Ancient Boeotia and its city-states.
Many modern scholars and historians (with prominent the Canadian historian Back) believe that the pro-Persian policy (calling “medizing” in ancient Greece) of Thebes and most cities of the rest of Boeotia during the 2nd Persian war (480-479 BC), was not as extensive as the ancient historian Herodotus (the main source for the Greek-Persian wars) tried to indicate. It is evident from the writings of Herodotus, that he discriminated in favor of Athens and Sparta (and against their rival city-states of Thebes, Argos etc.). It is recognized that the pro-Persian policy of Macedonia, Thessaly and Argos (other Greek states also “blamed” for “medizing” at the same time) was not really extensive. The Boeotian city-states (mainly Thebes) bear the “burden” of the blame of “medizing” , because of Herodotus. The ancient historian probably distorted the historical truth by noting inordinately their pro-Persian policy, which was not more intense than that of the aforementioned states. It is true that the Thebans and the Boeotians desired a Persian victory, only because of their hostility to their neighboring Athenians. So they possibly did not join the Greek Alliance, because its leaders were the city-states of Athens and Sparta. Argos did the same because of its hostility to Sparta.
A beautiful original Boeotian helmet. This type was originally used by the Boeotian infantry and cavalry, but later it became popular to all the Greek cavalrymen ( comitatus.net).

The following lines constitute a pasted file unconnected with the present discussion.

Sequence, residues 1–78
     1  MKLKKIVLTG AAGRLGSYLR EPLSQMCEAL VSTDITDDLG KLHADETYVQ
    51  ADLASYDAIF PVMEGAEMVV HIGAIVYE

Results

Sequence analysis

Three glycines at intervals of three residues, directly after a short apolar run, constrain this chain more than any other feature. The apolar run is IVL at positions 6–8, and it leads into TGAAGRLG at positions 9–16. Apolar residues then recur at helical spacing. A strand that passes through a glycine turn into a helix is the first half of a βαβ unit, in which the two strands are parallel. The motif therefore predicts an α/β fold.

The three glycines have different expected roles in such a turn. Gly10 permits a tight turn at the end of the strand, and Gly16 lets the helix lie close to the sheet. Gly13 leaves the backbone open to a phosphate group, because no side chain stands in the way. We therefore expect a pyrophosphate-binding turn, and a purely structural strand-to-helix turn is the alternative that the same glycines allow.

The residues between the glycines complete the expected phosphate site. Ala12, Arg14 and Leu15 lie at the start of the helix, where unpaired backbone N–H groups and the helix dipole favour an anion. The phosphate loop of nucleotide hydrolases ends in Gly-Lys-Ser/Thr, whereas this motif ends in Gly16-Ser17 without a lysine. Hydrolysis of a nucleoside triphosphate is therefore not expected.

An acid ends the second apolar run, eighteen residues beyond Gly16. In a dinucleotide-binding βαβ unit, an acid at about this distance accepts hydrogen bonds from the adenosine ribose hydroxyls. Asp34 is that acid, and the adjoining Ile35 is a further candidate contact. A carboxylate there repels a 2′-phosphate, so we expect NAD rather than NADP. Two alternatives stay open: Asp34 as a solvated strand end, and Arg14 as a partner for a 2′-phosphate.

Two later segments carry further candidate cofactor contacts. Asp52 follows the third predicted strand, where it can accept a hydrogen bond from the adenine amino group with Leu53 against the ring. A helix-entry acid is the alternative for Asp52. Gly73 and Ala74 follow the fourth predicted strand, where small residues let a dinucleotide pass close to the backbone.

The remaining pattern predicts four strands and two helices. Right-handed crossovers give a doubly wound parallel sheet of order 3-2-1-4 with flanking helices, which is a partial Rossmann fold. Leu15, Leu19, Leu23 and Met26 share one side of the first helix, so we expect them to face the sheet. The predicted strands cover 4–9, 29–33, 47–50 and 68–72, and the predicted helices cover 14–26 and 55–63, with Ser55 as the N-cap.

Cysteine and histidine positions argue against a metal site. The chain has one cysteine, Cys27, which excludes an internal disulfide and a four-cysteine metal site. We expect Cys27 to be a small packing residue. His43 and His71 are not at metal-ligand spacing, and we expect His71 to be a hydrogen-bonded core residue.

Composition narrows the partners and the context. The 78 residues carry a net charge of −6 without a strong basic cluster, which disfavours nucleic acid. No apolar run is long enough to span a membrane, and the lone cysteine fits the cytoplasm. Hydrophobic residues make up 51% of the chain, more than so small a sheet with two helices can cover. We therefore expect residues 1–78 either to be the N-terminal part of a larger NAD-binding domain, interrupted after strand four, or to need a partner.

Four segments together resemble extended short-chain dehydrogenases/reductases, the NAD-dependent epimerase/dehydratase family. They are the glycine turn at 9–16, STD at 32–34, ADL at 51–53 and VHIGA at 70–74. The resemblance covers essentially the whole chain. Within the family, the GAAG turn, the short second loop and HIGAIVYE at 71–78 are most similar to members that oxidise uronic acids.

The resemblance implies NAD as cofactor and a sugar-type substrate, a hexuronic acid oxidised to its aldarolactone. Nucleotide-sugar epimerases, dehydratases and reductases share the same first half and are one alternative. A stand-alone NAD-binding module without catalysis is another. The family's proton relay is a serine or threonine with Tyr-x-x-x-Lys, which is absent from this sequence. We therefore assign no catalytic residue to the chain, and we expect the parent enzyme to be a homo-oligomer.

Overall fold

Back believes that Herodotus “moved” on purpose, the time of the Boeotian “medizing” upwards, in order to give a negative role to the Thebans and the other Boeotians. The Boeotians rather gave “earth and water” το the Persian envoys (an official act of surrender to the Persian Great King) before the battle of Thermopylae (480 BC), but it was a diplomatic action in order to be safeguarded in case of defeat, just as the people of Aegina gave also “earth and water” to the Persians before the battle of Marathon (490 BC), even though they were a member of the Peloponnesian Alliance. And the Peloponnesian Alliance had decided from the very beginning to fight the Persian invaders. On the other hand, there are clear indications that the Boeotians intentionally assisted military the Greek Alliance and that they were possibly officially its members. The vengeful fury of the Persians was not directed in Boeotia but in Athens and Attica, because of their defeat at Marathon by the Athenians (490 BC). Boeotia and Attica (the land of the Athenians) are located north of the Peloponnesian Isthmus and the Corinthian Gulf, and thus they were exposed to the Persian army. However Attica was foredoomed by the Persians, but Boeotia was not. So it was very easy for the Athenians to blame the Thebans and Boeotians for “treason” and call themselves “patriots”, once their fight was a matter of life and death for them – a situation that did not apply to the Boeotians.
Likewise the Boetian city-state of Plataea was foredoomed by the Persians, because the Plataeans had reinforced the Athenians at Marathon. This was a key reason for Plataea to remain firmly a member of the Greek Alliance, after the official “medizing” of the rest of Boeotia.